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ATVs are Not for Children: AAP Urges These Safety Rules

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You don't see them just on farms anymore. All-terrain vehicles (ATVs) are popular among outdoor enthusiasts of all ages who ride them through trails, fields and off-highway vehicle parks.

The four-wheeled motorized vehicles require skill and quick thinking. Therefore, the American Academy of Pediatrics (AAP) recommends that children under 16―who are too young to have a driver's license―should not be allowed to operate or ride off-road vehicles.

Children are involved in about 30% of all ATV-related deaths and emergency room-treated injuries.

With technological advances, ATVs are becoming bigger and faster. While this increases the vehicles' "thrill factor," it also creates the potential for more traumatic accidents. The most common types of ATV injuries are bumps, bruises and fractures, but more serious injuries also occur. Injuries to the spine and pelvis often result from rollovers. Concussions and other head injuries also are common, especially if the rider was not wearing a helmet.

In 2015, at least 73 children younger than 16 died and 26,700 were seriously injured by ATVs.

"More kids die on ATVs than die from bicycle crashes," said Charles Jennissen, M.D., FAAP, a pediatrician and safety expert who studies ATV injuries and deaths in children. 

More than half of ATV deaths occur on public roadways. Despite their name, ATVs are not safe on all terrains. They have a high center of gravity and off-road tires that unevenly grab paved or gravel road surfaces.

If you do allow your children under age 16 to ride an ATV, the AAP urges you to follow these safety rules:

  • Riders should always wear motorcycle-style helmets that are approved by the Department of Transportation, eye protection, sturdy shoes (no flip-flops), and protective, reflective clothing. Appropriate helmets are those designed for motorcycle (not bicycle) use and should include safety visors/face shields for eye protection. Wearing a helmet may prevent or reduce the severity of these injuries.

  • Don't ride double. Passengers are frequently injured when riding ATVs. Most ATVs are designed to carry only one person: the driver. Passengers can make ATVs unstable and difficult to control.

  • All ATV riders should take a hands-on safety training course.

  • Stay off public roads. ATVs lack the common safety equipment found on all cars and trucks that are designed for street use. ATV tires are not designed to grip on pavement, so operators should not ride on paved roads.

  • Do not allow children to drive an adult model ATV, which can reach speeds of up to 80 mph. Their size and speed make them too dangerous for kids to drive.

  • Never allow nighttime riding. Flags, reflectors and lights should always be used to make vehicles more visible.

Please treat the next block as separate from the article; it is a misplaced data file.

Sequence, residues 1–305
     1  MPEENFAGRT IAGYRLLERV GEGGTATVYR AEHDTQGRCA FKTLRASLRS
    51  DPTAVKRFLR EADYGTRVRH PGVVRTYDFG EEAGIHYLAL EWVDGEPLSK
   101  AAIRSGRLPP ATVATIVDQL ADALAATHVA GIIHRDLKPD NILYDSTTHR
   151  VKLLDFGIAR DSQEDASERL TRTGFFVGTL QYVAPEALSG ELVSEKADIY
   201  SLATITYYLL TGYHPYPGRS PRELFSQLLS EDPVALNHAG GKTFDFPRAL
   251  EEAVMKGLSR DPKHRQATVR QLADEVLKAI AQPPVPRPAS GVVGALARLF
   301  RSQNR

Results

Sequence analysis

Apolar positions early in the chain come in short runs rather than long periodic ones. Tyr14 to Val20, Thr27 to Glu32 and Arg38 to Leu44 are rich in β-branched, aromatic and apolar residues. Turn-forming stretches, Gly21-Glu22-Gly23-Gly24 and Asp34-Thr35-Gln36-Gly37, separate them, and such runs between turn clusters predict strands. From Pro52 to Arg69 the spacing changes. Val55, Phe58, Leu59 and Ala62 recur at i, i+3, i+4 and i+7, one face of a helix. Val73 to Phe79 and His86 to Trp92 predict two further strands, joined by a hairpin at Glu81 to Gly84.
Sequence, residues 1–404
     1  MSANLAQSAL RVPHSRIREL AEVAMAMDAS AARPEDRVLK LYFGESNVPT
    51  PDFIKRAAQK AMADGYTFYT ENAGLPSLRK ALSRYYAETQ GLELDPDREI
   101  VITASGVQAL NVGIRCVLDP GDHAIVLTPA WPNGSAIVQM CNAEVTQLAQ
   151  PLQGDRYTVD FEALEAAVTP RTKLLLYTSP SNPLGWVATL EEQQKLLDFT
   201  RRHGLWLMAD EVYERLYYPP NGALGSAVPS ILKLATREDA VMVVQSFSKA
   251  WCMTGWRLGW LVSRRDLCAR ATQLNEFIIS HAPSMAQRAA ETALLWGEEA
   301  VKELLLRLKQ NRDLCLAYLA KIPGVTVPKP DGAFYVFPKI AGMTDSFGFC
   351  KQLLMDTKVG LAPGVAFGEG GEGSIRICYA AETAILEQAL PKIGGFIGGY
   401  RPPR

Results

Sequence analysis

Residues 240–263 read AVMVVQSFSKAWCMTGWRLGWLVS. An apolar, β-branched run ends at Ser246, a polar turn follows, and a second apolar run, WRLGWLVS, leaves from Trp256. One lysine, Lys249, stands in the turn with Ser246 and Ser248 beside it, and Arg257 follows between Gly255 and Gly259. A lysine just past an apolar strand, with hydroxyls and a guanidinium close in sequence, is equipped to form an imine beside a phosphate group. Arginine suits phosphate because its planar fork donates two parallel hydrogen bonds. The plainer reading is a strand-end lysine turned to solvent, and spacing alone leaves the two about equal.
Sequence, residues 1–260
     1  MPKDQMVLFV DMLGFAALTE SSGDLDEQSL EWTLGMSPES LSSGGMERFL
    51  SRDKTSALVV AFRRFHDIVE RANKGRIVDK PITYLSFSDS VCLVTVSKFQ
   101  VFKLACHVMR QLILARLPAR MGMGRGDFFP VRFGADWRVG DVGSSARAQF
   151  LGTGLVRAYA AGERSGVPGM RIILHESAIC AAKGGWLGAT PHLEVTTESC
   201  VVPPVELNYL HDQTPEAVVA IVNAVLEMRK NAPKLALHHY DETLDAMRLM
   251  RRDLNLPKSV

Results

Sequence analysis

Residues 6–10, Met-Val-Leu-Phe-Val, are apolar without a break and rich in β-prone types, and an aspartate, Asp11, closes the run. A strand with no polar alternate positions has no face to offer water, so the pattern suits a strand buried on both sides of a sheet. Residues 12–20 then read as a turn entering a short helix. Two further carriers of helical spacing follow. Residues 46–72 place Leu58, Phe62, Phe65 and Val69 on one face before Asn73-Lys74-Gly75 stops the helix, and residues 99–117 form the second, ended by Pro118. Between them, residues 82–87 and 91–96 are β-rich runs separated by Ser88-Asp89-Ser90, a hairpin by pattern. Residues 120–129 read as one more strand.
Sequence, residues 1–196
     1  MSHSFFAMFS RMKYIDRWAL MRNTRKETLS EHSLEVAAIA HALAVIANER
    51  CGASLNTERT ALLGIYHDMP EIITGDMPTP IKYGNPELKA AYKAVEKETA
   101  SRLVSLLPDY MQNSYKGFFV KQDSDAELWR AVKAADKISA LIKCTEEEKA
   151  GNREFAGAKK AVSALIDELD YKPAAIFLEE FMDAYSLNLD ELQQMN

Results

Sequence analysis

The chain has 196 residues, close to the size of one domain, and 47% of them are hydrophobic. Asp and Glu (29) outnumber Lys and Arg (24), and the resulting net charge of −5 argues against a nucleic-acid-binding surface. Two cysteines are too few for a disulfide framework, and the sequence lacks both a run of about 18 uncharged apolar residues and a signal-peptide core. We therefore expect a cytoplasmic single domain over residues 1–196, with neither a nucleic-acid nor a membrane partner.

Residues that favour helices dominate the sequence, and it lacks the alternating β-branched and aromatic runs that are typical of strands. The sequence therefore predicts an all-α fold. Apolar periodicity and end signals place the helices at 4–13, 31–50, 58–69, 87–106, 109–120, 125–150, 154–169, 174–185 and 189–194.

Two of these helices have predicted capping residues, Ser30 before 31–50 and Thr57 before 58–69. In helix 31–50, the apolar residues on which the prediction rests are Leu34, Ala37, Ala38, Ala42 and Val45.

• Do not drive ATVs while under the influence of alcohol, drugs or even some prescription medicines. Parents should set an example for their children in this regard.

  • If you are buying an ATV, choose one with a seat belt, roll-bar, engine covers and a speed-limiting device.

Types of ATVs:

ATVs come in a wide range of shapes, sizes and power levels. Usually with three or four tires, the motorized cycles are designed for use on a variety of landscapes.

There are four youth ATV categories that vary in speed and motor size. None are made for children younger than 6.

  • ATVs for riders ages 6 and up can travel 10-15 mph.

  • ATVs for riders ages 10 and up and ages 12 and up can travel 15-30 mph.

  • ATVs for riders age 14 and up can travel 20-38 mph.

"We have no idea whether these are safe speeds for kids to travel. The manufacturers haven't done any studies with kids and determined the speeds at which they can safely drive," Dr. Jennissen said.

ATV Laws & Regulations: 

The majority of states have laws about the operation of ATVs. These regulations cover everything from how old the driver must be to helmet use, but vary greatly by state. Yet even states with the most complete sets of rules report ATV-related deaths and injuries each year.

Click here to find the laws about ATV use in your state. 

Parents should supervise their children and enforce safety rules, but just watching your child won't prevent a crash.

"It's very easy for a child to jump on an ATV, push the throttle and make it go," Dr. Jennissen said. "But that doesn't mean that they're able to make the decisions that are necessary to safely operate them."

Additional Information & Resources:

ATV Safety Infographic - 2016 Data
Last Updated
American Academy of Pediatrics (Copyright © 2018)
The information contained on this Web site should not be used as a substitute for the medical care and advice of your pediatrician. There may be variations in treatment that your pediatrician may recommend based on individual facts and circumstances.
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